While I agree that violence in context of language is different from physical violence in that the harm can result from an interpretation of the listener's part, I also suggest that certain forms of language are equivalent to physical violence in that there is no non-harmful way to express something. For an extreme example, I do not know of a non-harmful rhetoric to advocate the genocide of an oppressed group.

It's sort of ridiculous to use the word violence in that context. Unless someone shouts into the ears of other person to induce hearing damage, it's clearly redefining the language to suit ones agenda and should be condemned. You can not be violent with words, you can use them for verbal abuse, incite violence, etc but the words themselves can't be violent.

>Unless someone shouts into the ears of other person to induce hearing damage, it's clearly redefining the language to suit ones agenda and should be condemned.

I believe you are misunderstanding the parent's comment. The authors do not equate conversational violence with physical violence. Nor are they suggesting dictionaries amend their definition of violence. They are merely categorizing types of verbal communication, and providing names for them. It's no worse than calling someone's language as "soft" or "hard" - both are ridiculous if you go with the literal definitions. I could easily go and look up theorems/terminologies in science and engineering and make the same arguments about overloading common English terms. I'd rather not attribute negative intentions to the people who coined those terms for industry use.

>it's clearly redefining the language to suit ones agenda and should be condemned.

You are attributing intention to someone else, and this is a common way conversations go downhill. The books teach you how not to do that. They also suggest that using words like "should" in an unqualified manner is likely to derail the conversation.

>You can not be violent with words, you can use them for verbal abuse, incite violence, etc but the words themselves can't be violent.

I find it amusing you insist that you cannot be violent with words, but you are OK with using the word "abuse" for words.

(Apologies for not practicing NVC skills in this post).

>Co-opting the word violence, is great marketing but dishonest.

I disagree that it is dishonest, and I doubt Marshall Rosenberg (founder of NVC) was the one to coin it. I recently read another book on communications (not associated with NVC), and it categorizes poor communications into two categories:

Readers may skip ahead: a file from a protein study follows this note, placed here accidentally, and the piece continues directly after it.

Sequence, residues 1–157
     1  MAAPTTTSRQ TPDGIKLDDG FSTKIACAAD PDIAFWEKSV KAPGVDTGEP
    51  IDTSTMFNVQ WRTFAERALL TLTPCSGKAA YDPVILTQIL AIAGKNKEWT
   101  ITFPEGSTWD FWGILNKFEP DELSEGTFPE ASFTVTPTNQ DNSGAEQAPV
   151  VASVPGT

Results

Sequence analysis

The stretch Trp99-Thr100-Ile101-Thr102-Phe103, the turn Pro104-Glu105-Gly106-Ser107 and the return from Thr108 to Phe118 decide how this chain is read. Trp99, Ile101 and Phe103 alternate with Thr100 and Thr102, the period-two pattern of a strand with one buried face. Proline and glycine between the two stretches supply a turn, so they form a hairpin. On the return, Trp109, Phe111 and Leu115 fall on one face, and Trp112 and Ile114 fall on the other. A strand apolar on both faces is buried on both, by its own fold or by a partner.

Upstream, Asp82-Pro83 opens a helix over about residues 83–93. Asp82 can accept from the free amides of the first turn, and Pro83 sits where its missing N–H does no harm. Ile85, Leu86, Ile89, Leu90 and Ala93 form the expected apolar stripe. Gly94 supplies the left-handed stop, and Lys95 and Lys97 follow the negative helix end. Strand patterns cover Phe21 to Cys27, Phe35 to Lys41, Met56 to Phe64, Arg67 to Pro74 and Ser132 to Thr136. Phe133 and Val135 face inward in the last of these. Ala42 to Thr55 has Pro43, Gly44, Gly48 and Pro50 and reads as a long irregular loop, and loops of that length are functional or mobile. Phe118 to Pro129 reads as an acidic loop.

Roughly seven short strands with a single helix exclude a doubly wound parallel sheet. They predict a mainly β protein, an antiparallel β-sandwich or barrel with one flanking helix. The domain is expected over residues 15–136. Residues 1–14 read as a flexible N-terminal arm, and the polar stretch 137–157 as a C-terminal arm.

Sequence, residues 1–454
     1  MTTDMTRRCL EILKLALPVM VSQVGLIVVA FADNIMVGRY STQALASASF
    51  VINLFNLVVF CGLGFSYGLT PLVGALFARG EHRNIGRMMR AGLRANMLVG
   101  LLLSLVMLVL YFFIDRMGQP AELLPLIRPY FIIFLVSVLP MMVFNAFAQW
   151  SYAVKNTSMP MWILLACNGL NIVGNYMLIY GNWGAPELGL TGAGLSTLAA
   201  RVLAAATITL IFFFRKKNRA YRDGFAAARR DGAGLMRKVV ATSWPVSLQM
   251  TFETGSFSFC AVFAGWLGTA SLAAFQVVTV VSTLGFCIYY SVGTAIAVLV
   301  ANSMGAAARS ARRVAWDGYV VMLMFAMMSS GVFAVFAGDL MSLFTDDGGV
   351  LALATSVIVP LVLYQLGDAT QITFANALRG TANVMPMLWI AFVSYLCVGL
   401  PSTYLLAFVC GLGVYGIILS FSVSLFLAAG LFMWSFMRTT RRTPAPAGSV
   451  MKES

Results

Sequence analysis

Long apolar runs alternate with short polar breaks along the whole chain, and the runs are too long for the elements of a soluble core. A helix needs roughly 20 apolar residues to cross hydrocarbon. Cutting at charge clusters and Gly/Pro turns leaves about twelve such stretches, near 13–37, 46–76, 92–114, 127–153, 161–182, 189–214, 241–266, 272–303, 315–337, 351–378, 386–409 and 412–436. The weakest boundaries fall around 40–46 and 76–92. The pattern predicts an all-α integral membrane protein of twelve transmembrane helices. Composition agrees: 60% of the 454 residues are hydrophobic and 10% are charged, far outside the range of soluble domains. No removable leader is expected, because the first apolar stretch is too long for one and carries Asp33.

- Silence (withholding your information from the "pool")

- Violence (forcing your information into the "pool")

Neither is literal. Silence in this context doesn't mean not talking. One can be categorized as silent while still talking in great length. In fact, I think they categorize someone who is continually throwing insults as "silent". The person is trying hard not to talk about something and is attempting to deflect. It's more about whether his words and actions are focusing on adding or withholding. Likewise violence is more about suppressing others' perspectives so that you're sure the other side hears yours. Or talking too much, essentially trying to dump as much as possible into the pool.

Just an example that the notion of "violent" communications is not unique to NVC. It seems to be a term used often.

Personally, I do wish it wasn't called NVC - too many people think it is about serious conflict resolution, or about pacifism. It's merely a recipe for speaking.

Before you claim 'dishonesty', you might want to spend 30 seconds on reading about the origins of the term.

NVC was firmly rooted in mediating between rioting students and college administrators. The explicit goal of it was to foster non-violent desegregation. (And if you look at e.g. Kent State, that was a very necessary goal)

I agree; I've also seen the term "aggression" co-opted in a similar manner.

Both violence and aggression require intent, and a big reason such communication skills need to be taught is that so many people don't understand how they sound.

This is important because the best corrective action for unintentional harm may be different than the best corrective action for intentional harm.

I love to promote this whenever I can. This method has a fantastic reward given the time it takes to learn and practice it and has made my in-person communication a lot better whenever I use it.

I have heard about it, but always sorta wrote it of because while I can learn it, most other people wouldn't. I do wonder though, how does it work when only one side practice it? Do the user get the suckers payout?